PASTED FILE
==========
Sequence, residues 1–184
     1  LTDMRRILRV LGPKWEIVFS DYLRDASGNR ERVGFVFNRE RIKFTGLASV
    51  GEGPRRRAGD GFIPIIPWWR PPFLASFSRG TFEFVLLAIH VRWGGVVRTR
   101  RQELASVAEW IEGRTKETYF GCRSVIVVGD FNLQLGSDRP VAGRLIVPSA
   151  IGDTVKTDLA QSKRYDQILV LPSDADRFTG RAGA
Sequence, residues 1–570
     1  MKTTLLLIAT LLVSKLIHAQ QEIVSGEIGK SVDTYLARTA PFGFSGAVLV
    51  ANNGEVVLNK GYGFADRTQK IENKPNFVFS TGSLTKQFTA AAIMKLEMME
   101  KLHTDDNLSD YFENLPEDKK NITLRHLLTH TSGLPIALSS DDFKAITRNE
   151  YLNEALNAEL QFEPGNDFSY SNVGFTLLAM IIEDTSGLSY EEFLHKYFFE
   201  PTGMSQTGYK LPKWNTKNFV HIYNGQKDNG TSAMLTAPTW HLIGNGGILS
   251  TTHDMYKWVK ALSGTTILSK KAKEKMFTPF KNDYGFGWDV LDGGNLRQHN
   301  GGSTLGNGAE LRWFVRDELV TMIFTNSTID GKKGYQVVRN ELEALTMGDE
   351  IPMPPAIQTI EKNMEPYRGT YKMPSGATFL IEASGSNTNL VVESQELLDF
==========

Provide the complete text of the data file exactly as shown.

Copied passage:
Sequence, residues 1–184
     1  LTDMRRILRV LGPKWEIVFS DYLRDASGNR ERVGFVFNRE RIKFTGLASV
    51  GEGPRRRAGD GFIPIIPWWR PPFLASFSRG TFEFVLLAIH VRWGGVVRTR
   101  RQELASVAEW IEGRTKETYF GCRSVIVVGD FNLQLGSDRP VAGRLIVPSA
   151  IGDTVKTDLA QSKRYDQILV LPSDADRFTG RAGA
Sequence, residues 1–570
     1  MKTTLLLIAT LLVSKLIHAQ QEIVSGEIGK SVDTYLARTA PFGFSGAVLV
    51  ANNGEVVLNK GYGFADRTQK IENKPNFVFS TGSLTKQFTA AAIMKLEMME
   101  KLHTDDNLSD YFENLPEDKK NITLRHLLTH TSGLPIALSS DDFKAITRNE
   151  YLNEALNAEL QFEPGNDFSY SNVGFTLLAM IIEDTSGLSY EEFLHKYFFE
   201  PTGMSQTGYK LPKWNTKNFV HIYNGQKDNG TSAMLTAPTW HLIGNGGILS
   251  TTHDMYKWVK ALSGTTILSK KAKEKMFTPF KNDYGFGWDV LDGGNLRQHN
   301  GGSTLGNGAE LRWFVRDELV TMIFTNSTID GKKGYQVVRN ELEALTMGDE
   351  IPMPPAIQTI EKNMEPYRGT YKMPSGATFL IEASGSNTNL VVESQELLDF